Found in 10 comments on Hacker News
starkd · 2022-10-01 · Original thread
Neil Postman came to much the same conclusion about modern entertainment.

bps4484 · 2016-05-20 · Original thread
"but about creating want in the user" reminded me of a quote, but it was about television advertising, which I think may be a more apt comparison:

Indeed, we may go this far: The television commercial is not at all about the character of products to be consumed. It is about the character of the consumers of products. Images of movie stars and famous athletes, of serene lakes and macho fishing trips, of elegant dinners and romantic interludes, of happy families packing their station wagons for a picnic in the country -- these tell nothing about the products being sold. But they tell everything about the fears, fancies and dreams of those who might buy them. What the advertiser needs to know is not what is right about the product but what is wrong about the buyer. And so, the balance of business expenditures shifts from product research to market research. The television commercial has oriented business away from making products of value and toward making consumers feel valuable, which means that the business of business has now become pseudo-therapy. The consumer is a patient assured by psycho-dramas.

I highly recommend the book

vikingo · 2014-10-24 · Original thread
I think Neil Postman wrote the most concise examination of this topic in the foreword to "Amusing Ourselves to Death"[1]:

"We were keeping our eye on 1984. When the year came and the prophecy didn't, thoughtful Americans sang softly in praise of themselves. The roots of liberal democracy had held. Wherever else the terror had happened, we, at least, had not been visited by Orwellian nightmares. But we had forgotten that alongside Orwell's dark vision, there was another - slightly older, slightly less well known, equally chilling: Aldous Huxley's Brave New World. Contrary to common belief even among the educated, Huxley and Orwell did not prophesy the same thing. Orwell warns that we will be overcome by an externally imposed oppression. But in Huxley's vision, no Big Brother is required to deprive people of their autonomy, maturity and history. As he saw it, people will come to love their oppression, to adore the technologies that undo their capacities to think.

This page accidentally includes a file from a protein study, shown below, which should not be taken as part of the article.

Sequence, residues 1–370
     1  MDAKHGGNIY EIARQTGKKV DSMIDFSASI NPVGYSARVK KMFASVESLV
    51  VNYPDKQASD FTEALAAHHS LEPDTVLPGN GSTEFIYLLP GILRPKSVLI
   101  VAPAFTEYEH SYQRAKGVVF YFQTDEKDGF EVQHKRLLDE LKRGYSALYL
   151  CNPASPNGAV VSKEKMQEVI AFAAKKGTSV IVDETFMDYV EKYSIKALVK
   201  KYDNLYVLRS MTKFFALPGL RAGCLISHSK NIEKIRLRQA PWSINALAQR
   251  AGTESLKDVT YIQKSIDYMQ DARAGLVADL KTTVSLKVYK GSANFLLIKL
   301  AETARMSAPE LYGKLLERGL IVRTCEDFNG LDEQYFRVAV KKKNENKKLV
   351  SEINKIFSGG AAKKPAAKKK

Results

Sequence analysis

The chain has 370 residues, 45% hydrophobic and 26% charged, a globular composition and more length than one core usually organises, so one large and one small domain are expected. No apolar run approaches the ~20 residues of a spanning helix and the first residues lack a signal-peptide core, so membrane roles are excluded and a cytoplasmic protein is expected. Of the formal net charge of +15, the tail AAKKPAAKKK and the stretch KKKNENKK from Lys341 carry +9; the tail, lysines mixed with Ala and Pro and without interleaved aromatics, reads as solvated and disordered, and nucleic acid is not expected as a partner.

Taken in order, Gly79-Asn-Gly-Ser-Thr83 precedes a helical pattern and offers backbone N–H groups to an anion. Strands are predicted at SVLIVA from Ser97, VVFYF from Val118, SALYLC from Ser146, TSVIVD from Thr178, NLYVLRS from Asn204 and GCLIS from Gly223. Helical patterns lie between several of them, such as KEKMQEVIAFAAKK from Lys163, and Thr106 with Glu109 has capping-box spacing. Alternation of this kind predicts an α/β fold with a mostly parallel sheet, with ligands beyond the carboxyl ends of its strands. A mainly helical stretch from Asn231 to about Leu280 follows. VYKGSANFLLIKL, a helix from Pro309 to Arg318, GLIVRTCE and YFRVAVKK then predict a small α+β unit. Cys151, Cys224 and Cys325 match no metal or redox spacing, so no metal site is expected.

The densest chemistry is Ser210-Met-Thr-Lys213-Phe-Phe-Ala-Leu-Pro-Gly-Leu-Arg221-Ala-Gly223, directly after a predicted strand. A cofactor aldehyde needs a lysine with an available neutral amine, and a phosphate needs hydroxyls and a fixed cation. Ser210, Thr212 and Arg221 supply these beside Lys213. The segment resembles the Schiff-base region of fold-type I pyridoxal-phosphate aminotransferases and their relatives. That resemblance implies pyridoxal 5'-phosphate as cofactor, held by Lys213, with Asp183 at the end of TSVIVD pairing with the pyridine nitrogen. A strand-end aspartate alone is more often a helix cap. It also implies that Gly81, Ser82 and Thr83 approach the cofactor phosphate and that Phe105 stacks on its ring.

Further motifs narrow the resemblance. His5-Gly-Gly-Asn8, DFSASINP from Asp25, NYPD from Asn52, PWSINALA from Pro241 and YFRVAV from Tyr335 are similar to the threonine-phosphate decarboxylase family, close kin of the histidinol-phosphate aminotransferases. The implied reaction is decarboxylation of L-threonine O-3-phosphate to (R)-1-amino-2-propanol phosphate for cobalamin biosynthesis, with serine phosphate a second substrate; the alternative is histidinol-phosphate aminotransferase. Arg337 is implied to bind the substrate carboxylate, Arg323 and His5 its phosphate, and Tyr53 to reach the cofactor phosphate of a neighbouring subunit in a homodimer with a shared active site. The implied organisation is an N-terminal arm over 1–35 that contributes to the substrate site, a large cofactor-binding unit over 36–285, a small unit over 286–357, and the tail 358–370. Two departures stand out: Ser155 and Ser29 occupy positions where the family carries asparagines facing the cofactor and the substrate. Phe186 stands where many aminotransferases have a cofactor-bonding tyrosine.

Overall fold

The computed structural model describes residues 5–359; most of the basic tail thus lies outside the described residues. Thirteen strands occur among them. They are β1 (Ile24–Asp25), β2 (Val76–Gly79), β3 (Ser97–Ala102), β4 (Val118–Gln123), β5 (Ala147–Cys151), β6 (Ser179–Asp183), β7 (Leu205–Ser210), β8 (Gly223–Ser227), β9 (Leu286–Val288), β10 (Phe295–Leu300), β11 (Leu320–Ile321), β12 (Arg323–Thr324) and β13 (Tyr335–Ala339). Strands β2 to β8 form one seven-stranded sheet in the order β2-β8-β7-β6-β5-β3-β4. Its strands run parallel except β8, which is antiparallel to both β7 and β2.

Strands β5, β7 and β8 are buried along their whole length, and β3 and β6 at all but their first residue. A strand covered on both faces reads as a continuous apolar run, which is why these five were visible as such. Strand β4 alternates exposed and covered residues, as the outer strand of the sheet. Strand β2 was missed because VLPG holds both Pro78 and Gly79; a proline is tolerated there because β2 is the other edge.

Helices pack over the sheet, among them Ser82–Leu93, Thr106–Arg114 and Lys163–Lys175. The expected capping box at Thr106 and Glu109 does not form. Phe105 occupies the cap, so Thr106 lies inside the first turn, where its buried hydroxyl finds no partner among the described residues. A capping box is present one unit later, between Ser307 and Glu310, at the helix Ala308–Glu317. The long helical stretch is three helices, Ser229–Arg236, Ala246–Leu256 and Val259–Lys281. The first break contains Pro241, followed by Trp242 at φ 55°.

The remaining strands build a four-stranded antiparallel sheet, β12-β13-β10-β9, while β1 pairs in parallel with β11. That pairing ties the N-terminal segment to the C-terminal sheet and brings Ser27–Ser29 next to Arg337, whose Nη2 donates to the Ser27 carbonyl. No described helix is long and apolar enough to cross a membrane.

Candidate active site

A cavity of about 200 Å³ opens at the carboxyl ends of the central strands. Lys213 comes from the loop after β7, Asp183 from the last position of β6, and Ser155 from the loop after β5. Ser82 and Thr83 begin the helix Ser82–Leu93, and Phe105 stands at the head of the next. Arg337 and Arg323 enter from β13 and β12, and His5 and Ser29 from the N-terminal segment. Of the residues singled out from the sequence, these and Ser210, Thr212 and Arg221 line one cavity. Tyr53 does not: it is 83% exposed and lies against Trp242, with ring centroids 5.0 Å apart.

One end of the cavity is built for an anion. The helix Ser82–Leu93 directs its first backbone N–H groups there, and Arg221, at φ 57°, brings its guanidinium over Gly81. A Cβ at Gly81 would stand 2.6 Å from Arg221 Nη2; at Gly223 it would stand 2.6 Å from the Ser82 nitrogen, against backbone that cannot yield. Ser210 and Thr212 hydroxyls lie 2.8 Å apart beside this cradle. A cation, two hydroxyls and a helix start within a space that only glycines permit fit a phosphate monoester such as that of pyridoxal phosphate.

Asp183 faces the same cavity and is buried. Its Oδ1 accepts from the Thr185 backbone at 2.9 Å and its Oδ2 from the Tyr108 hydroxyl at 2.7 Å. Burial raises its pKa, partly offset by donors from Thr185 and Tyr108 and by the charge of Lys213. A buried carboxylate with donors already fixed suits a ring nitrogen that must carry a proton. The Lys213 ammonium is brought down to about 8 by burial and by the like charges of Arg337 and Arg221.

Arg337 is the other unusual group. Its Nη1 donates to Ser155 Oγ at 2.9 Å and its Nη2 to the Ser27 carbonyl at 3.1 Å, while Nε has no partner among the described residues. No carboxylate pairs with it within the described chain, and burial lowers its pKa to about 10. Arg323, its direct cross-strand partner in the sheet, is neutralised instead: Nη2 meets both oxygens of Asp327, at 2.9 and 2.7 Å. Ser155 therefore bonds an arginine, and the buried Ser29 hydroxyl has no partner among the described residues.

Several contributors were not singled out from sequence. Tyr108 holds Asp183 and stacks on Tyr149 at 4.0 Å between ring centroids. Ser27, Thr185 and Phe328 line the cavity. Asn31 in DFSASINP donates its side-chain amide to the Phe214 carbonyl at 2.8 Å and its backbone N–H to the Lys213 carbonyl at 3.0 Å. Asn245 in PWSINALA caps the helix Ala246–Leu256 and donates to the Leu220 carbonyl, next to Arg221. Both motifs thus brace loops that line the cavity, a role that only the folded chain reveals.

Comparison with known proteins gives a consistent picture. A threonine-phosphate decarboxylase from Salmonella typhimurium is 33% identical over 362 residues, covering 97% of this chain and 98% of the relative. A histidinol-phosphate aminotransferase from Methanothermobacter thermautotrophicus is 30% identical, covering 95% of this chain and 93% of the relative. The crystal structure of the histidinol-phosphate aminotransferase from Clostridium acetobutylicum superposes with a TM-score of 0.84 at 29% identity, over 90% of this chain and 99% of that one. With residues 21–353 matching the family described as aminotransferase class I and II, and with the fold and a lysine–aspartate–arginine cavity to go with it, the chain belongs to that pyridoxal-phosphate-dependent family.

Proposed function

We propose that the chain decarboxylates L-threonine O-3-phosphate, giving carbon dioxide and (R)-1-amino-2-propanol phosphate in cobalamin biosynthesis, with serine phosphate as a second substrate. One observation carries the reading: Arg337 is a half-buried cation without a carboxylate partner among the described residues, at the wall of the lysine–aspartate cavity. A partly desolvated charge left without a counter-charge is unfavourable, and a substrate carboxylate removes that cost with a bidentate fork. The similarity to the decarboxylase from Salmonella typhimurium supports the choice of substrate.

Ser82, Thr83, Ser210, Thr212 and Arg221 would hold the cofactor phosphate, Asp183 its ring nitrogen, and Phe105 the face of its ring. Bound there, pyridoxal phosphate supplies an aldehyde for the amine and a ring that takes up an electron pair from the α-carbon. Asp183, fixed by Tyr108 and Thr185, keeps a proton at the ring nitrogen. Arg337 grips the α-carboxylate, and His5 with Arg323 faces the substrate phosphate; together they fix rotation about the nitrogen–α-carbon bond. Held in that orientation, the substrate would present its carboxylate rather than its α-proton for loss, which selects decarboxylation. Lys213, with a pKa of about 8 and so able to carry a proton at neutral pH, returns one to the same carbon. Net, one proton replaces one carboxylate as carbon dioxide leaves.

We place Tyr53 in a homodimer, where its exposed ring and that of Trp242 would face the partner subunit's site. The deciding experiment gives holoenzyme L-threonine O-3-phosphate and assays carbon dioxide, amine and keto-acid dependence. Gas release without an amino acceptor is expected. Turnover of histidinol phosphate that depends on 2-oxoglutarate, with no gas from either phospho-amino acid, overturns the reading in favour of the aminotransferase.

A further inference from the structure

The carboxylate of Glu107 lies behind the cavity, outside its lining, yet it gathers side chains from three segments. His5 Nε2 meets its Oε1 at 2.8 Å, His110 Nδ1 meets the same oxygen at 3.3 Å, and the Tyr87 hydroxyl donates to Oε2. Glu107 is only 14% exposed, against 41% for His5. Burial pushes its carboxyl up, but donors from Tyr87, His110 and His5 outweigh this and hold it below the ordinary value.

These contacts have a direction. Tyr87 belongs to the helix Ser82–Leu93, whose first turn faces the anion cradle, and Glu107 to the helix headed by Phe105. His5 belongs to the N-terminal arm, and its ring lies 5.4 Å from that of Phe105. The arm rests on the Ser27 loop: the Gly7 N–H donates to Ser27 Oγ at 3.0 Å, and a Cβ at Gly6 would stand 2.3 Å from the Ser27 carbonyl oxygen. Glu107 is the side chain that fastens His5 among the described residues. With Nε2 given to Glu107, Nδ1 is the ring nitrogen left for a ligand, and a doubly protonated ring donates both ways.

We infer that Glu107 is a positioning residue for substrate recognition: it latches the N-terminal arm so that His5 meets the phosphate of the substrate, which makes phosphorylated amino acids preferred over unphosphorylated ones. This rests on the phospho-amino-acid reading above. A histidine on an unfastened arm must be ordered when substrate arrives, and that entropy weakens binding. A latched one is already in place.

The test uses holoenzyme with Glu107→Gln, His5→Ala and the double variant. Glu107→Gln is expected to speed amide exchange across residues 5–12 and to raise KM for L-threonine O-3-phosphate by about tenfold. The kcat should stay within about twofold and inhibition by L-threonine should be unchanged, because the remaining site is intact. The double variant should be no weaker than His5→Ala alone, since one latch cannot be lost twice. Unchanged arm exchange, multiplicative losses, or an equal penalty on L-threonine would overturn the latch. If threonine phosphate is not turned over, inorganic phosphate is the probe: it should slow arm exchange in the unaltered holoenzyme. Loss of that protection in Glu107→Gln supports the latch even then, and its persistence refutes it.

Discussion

What Orwell feared were those who would ban books. What Huxley feared was that there would be no reason to ban a book, for there would be no one who wanted to read one. Orwell feared those who would deprive us of information. Huxley feared those who would give us so much that we would be reduced to passivity and egoism. Orwell feared that the truth would be concealed from us. Huxley feared the truth would be drowned in a sea of irrelevance. Orwell feared we would become a captive culture. Huxley feared we would become a trivial culture, preoccupied with some equivalent of the feelies, the orgy porgy, and the centrifugal bumblepuppy. As Huxley remarked in Brave New World Revisited, the civil libertarians and rationalists who are ever on the alert to oppose tyranny "failed to take into account man's almost infinite appetite for distractions". In 1984, Huxley added, people are controlled by inflicting pain. In Brave New World, they are controlled by inflicting pleasure. In short, Orwell feared that what we hate will ruin us. Huxley feared that what we love will ruin us.

This book is about the possibility that Huxley, not Orwell, was right."


ochiba · 2013-08-18 · Original thread
For further reading on this topic, I can highly recommend Amusing Ourselves to Death: Public Discourse in the Age of Show Business by Neil Postman.

dmix · 2013-04-16 · Original thread
It's not even a corporate conspiracy... it's the markets demand for politics to be entertainment... not something based on empirical data.


chollida1 · 2013-01-15 · Original thread
Not sure why the above links were obfuscated/minimized but this is what they point to:

dmix · 2012-11-21 · Original thread
There's a good book on this subject from 1985, where the author explores how the requirement in politics is no longer real action/results it's entertainment.

Amusing Ourselves to Death: Public Discourse in the Age of Show Business

If you liked the cartoon, you'll probably like the book that it's based on:

It's from 1985 and a little bit dated, but still I think highly relevant

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